4. Write the check amount in words

Next, write out the dollar amount in words on the line below “Pay to the order of,” making sure it matches the numerical amount. Add the cent amount over 100. For example, if you wrote $100.30 in the box, you’ll write “One hundred and 30/100.” If the check is for $100 or another round number, still include 00/100 after the dollar amount for clarity.

5. Write a memo

The memo section of the check is optional, but it’s a good idea to fill it out because it can serve as a reminder of what the check is for. If you’re writing the check to pay for a haircut, for example, you can write “haircut.” A company may ask you to write your account number or invoice number in this section, which helps ensure the payment is applied to the correct account. You would also write your account number in the memo area if the check’s for a bill payment.

6. Sign the check

Sign your name on the line at the check’s bottom right-hand corner. Sign legibly, and make sure to use the same signature on file at your bank. A signature confirms to the bank that you agree to pay the stated amount to the payee.

That’s it; your check should be all set to make a payment!

Additional tips for writing a check

  • Always use a pen instead of a pencil when filling out a check, to avoid alterations.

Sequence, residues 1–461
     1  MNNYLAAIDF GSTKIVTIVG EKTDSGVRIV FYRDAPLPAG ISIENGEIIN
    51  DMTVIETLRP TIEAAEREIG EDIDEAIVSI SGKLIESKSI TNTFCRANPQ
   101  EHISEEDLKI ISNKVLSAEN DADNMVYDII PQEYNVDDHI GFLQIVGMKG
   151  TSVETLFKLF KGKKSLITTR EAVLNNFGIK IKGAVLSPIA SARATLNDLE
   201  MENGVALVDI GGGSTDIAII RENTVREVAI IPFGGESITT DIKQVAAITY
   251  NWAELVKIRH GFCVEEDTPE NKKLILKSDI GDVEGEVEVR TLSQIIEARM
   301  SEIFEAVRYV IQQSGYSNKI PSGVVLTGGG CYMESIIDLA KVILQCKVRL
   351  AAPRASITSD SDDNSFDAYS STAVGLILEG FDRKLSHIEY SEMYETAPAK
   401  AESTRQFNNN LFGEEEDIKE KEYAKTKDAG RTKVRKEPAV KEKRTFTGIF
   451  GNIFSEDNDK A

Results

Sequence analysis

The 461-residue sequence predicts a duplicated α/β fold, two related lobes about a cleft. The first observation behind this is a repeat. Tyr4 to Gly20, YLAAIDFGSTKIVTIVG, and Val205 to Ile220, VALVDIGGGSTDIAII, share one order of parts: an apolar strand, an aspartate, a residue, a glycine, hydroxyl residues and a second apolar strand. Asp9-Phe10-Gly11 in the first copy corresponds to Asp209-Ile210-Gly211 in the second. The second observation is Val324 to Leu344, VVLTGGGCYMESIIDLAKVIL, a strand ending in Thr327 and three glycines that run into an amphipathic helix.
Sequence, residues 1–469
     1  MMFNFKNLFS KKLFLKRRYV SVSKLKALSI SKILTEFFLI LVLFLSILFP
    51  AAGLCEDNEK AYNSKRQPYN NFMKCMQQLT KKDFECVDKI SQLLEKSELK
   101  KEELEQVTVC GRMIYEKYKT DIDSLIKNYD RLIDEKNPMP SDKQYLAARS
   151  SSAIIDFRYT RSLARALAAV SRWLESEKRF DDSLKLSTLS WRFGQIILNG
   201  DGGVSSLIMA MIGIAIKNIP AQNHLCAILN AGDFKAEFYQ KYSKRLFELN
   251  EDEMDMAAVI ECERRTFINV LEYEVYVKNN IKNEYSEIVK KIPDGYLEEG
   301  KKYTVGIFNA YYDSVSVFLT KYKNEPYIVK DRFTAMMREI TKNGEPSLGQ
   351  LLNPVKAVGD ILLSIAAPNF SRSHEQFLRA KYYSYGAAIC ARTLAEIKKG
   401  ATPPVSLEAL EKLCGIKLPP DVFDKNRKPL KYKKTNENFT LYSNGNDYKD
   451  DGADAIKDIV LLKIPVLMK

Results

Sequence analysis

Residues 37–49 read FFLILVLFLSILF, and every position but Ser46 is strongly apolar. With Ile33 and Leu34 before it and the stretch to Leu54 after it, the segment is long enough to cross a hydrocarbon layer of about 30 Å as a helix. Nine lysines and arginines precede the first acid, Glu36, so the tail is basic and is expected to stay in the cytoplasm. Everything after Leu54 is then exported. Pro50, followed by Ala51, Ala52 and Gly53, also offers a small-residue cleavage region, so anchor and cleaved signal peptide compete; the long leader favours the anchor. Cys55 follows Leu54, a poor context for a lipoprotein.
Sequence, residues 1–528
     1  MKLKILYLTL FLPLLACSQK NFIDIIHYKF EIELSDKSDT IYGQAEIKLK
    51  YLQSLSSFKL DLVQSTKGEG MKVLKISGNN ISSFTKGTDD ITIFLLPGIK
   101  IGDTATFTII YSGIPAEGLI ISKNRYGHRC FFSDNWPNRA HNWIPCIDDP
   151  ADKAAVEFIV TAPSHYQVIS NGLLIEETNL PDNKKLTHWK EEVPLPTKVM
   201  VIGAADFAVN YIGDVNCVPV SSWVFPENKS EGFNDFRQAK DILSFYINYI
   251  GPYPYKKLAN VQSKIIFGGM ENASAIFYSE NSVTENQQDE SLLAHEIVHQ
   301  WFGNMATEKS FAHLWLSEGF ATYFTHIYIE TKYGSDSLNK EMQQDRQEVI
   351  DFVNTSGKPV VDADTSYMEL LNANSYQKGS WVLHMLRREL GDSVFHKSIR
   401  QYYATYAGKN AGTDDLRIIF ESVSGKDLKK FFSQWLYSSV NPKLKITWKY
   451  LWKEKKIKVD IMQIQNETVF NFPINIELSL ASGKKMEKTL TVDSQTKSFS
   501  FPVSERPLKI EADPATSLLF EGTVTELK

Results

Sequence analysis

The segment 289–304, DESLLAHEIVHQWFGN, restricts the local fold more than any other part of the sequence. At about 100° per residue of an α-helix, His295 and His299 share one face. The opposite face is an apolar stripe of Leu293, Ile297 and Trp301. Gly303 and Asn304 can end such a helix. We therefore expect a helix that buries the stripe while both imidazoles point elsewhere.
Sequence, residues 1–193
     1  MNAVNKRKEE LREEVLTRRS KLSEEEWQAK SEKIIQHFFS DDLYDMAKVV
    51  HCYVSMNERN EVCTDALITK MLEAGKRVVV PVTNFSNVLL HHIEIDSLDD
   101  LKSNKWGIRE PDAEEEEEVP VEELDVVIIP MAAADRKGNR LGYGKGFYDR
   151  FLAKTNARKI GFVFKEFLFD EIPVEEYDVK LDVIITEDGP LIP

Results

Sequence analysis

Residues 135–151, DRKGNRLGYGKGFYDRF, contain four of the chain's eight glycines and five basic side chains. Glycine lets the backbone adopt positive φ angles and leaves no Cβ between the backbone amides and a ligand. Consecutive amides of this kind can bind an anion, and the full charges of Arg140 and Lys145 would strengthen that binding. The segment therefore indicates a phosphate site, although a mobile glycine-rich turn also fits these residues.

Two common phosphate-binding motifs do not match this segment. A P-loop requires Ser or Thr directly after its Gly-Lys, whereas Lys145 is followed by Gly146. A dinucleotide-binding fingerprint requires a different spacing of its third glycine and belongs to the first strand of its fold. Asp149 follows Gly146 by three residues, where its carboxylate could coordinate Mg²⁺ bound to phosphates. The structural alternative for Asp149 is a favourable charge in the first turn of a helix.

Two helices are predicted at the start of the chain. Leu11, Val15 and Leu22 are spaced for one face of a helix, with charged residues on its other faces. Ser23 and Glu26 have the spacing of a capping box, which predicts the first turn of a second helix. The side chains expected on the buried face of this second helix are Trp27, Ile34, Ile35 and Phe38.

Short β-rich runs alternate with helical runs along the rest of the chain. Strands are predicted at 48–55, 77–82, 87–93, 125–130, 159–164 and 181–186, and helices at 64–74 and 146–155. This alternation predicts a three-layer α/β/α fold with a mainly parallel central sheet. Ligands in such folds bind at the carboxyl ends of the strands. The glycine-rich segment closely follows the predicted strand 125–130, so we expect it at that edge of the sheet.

• Write legibly to prevent any confusion.
  • Double-check the details on the check before handing it over to ensure accuracy.
  • Keep track of check numbers and maintain records of checks paid. That way you’ll have a record of the payment if there’s any question about whether a certain expense was paid or how much you spent.

FAQs about checks

  • Writing a check to yourself is a legal way to withdraw cash or transfer money between accounts. Simply write your own name on the payee line. However, there are often more efficient methods for withdrawing or transferring funds, such as by using an ATM or peer-to-peer payment service.
  • A postdated check is written with a date in the future and may be used when funds are not yet available. While legal to use, banks can still cash these checks before the specified date, so you should make sure funds will be available to prevent any issues.
  • For minor errors on a check, like a misspelled name or wrong date, draw a line through the error, write the correct information, and initial it. For significant errors, especially with the amount or payee name, void the check and write a new one. Check with your bank if they accept corrected checks, as policies vary.

Bottom line

With the rise of digital payment methods, writing checks has become less common, but it is still essential to know how to fill one out correctly in case the need ever arises. By following the steps outlined above and double-checking all of the information you’ve written out, you can make sure that your check payments will be processed accurately and securely.

–Freelance writer Anna Baluch contributed to a previous version of this article.